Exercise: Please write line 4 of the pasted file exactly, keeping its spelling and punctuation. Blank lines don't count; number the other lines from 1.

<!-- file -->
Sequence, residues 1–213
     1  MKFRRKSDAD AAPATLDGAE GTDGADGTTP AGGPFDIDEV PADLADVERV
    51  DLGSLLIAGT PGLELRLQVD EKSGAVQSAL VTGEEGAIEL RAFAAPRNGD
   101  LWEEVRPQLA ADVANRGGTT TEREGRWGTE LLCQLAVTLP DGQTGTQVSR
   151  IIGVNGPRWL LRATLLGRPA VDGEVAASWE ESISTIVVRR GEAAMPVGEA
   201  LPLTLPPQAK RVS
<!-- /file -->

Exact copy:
   101  LWEEVRPQLA ADVANRGGTT TEREGRWGTE LLCQLAVTLP DGQTGTQVSR